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Novel Review - Cry, the Beloved Country by Alan Paton

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Essay Preview: Novel Review - Cry, the Beloved Country by Alan Paton

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In the novel Cry, the Beloved Country, by Alan Paton, he uses two places to convey the whole purpose of the novel. First we are introduced to Ndotsheni. It is described as being holy and the main character from there, Stephen Kumalo, is a priest. The other city is Johannesburg. The beginning of Book I and Book II are exactly the same except in Book II the beginning leaves out the part where the land is holy. Right from the beginning Johannesburg is referred to as unholy, or unreligious and worldly. The main differences between these two cities show us the deeper meaning of Cry, the Beloved Country. Religion/Christianity plays a large part in these two cities along with injustice in South Africa and how to reconcile this injustice, if possible at all.

In the beginning it is made clear that Ndotsheni is built on the moral principles and traditions that come from Christianity. They are also poor, which makes them seem to live a humble lifestyle because of their leaky roofs and small houses. This shows that they do not care as much about worldly possessions as the people of Johannesburg. Kumalo is the religious leader of the entire town and that puts a lot of weight on his shoulders, but he accepts it with dignity. He longs for his valley to be peaceful. The people of Johannesburg do not follow morals, rather they live based on the somewhat political principal of possessions = worth. This viewpoint is much the opposite of the Christian standpoint. This also happens in Ndotsheni however where the people have cattle instead of worldly possessions. That is part of the farming problem in Ndotsheni. The main problem with religion in these two cities is that the world looks enticing to the people who have never been in it. The humble people of Ndotsheni have never been to Johannesburg and do not know what it is like but most see a better future there. A prime example is John Kumalo. He came from the same place as his brother, obviously, but they both ended up in entirely different places. John got greedy. He wanted to be a political leader and knew staying in Ndotsheni would not be the way to do that. By gaining political status, he also gained something from a worldly standpoint. He pointed out some flaws of the Christians there; the white bishop who tells his congregation about the injustice of blacks getting paid less and being forced to live in poverty yet he lives lavishly because of this injustice, but John is still a very corrupt man whose only focus is himself.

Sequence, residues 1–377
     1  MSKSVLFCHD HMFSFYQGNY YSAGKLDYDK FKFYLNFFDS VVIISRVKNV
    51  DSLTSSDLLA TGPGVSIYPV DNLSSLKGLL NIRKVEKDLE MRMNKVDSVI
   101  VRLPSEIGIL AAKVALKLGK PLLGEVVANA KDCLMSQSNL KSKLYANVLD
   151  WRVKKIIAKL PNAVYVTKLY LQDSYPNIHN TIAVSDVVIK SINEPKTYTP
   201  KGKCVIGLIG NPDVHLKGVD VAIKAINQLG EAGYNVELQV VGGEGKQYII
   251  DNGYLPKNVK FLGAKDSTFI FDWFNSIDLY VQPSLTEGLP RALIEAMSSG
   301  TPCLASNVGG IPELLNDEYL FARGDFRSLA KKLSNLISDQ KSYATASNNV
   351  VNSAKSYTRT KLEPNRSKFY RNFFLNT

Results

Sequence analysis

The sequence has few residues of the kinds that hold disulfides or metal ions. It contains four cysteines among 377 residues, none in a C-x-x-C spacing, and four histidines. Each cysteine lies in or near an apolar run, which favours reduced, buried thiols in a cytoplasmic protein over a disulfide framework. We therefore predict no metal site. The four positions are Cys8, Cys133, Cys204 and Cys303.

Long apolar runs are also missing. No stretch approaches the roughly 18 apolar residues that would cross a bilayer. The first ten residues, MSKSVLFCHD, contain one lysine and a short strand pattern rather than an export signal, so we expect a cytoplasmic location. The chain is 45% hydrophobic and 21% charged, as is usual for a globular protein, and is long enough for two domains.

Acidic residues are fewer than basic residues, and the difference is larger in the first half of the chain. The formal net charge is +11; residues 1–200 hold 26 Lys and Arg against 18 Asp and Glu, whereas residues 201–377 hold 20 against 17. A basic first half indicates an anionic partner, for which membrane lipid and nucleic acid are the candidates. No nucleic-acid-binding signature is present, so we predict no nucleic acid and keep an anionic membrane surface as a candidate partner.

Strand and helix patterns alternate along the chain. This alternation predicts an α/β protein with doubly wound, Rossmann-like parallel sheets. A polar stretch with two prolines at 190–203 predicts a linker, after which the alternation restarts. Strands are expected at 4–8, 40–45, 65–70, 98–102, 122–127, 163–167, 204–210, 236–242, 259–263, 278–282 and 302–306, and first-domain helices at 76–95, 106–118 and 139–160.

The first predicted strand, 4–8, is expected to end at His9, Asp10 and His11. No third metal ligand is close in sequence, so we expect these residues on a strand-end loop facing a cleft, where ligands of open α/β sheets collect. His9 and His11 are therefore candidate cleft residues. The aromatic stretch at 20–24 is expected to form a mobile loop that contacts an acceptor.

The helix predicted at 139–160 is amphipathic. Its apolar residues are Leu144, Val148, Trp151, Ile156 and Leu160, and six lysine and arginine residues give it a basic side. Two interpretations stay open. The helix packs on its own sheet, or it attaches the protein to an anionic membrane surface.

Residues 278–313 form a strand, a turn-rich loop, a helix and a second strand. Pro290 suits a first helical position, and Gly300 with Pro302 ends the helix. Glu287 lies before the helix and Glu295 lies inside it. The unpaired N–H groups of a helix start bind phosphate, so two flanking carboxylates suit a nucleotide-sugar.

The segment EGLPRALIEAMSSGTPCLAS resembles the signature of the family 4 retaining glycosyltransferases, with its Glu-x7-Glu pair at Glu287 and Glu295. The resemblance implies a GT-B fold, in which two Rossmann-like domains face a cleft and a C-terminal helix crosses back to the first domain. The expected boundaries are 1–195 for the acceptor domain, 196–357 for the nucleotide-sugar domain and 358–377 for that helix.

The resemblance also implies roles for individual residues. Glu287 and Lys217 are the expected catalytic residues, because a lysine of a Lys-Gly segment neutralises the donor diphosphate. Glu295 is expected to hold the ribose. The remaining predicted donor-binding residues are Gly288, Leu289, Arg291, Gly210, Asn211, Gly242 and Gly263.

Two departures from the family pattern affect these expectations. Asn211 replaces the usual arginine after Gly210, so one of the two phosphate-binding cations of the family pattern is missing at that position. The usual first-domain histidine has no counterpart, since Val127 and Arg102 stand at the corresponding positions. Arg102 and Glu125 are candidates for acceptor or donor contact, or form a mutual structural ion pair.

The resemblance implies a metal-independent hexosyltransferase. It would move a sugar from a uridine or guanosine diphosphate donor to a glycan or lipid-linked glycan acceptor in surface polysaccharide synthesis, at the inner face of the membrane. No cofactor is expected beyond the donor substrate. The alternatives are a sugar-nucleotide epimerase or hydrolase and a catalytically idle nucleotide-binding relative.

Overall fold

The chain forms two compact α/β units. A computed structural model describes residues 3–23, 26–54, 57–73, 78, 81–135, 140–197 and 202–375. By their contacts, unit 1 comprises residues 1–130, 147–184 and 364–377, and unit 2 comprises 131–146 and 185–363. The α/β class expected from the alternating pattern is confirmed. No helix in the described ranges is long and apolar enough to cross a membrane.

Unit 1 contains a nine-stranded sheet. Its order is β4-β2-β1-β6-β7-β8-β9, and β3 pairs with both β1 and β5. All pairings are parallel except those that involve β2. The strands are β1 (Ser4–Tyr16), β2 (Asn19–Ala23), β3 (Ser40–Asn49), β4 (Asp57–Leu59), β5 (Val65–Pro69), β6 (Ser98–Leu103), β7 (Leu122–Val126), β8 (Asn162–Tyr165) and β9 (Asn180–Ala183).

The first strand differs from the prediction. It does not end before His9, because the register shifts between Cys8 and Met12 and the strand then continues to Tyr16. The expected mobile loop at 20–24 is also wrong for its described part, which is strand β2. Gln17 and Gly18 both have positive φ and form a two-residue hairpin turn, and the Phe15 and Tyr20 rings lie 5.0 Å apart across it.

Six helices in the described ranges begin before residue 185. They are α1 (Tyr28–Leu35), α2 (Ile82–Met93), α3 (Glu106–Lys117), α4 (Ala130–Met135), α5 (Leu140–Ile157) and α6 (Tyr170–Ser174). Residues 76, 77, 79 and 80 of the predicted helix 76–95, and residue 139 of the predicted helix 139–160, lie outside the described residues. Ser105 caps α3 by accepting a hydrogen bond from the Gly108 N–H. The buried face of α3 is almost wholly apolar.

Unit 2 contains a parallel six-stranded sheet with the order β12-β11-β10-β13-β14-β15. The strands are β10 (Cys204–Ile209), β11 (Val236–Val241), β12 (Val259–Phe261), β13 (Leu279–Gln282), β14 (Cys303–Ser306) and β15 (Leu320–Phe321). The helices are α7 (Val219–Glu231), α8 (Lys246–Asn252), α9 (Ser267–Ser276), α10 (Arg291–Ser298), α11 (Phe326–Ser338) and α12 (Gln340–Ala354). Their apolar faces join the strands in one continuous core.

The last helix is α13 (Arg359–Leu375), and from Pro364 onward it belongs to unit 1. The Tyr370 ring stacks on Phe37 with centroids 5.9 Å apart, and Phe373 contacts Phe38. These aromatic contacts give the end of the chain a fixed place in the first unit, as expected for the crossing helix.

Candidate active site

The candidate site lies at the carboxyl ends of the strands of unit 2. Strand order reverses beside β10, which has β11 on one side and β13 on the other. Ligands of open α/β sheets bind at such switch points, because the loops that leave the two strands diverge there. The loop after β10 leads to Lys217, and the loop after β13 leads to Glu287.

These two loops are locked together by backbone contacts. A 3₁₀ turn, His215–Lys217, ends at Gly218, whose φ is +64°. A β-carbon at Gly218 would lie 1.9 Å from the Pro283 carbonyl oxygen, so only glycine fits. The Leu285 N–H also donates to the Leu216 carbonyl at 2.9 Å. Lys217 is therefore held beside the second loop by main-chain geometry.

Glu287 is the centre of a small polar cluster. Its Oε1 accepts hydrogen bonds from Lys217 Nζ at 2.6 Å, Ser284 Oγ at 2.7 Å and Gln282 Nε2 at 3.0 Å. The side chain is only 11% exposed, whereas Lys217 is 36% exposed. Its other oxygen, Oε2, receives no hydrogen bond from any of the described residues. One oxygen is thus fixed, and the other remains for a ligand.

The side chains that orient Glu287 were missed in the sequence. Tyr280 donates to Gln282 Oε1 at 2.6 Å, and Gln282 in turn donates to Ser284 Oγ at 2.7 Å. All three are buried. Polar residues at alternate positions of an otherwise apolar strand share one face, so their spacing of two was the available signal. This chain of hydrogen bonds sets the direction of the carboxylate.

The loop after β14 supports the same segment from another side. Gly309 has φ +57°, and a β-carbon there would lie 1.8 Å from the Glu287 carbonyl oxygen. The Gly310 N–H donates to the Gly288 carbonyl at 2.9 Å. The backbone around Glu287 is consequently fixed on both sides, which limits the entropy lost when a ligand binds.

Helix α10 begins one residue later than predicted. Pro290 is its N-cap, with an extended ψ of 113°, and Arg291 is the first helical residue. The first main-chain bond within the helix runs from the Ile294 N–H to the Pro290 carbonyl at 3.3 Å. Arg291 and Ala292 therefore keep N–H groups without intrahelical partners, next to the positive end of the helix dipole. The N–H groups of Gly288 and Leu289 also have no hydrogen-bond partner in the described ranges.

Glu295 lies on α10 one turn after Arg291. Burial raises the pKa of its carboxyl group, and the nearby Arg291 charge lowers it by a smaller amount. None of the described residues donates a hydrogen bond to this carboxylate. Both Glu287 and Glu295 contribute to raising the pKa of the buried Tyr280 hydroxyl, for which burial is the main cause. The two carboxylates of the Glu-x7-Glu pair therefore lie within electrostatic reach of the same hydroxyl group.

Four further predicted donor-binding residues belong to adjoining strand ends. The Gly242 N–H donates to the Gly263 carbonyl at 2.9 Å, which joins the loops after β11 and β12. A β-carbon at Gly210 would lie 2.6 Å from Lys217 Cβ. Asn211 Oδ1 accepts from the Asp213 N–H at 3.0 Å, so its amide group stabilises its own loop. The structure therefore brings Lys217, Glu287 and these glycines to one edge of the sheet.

Throughout the story there are many injustices just like that one, and the unfairness of the world. Paton knew the ways of the world and the fact that nothing in it was fair. An example of this is Arthur Jarvis. Even though he is murdered before we know of him, his father, James, finds his writings in his library and we get to read them also. We learn what Arthur believed in at the same time as his father does; something James deeply regrets. Arthur was unfairly killed by Absalom, Stephen's



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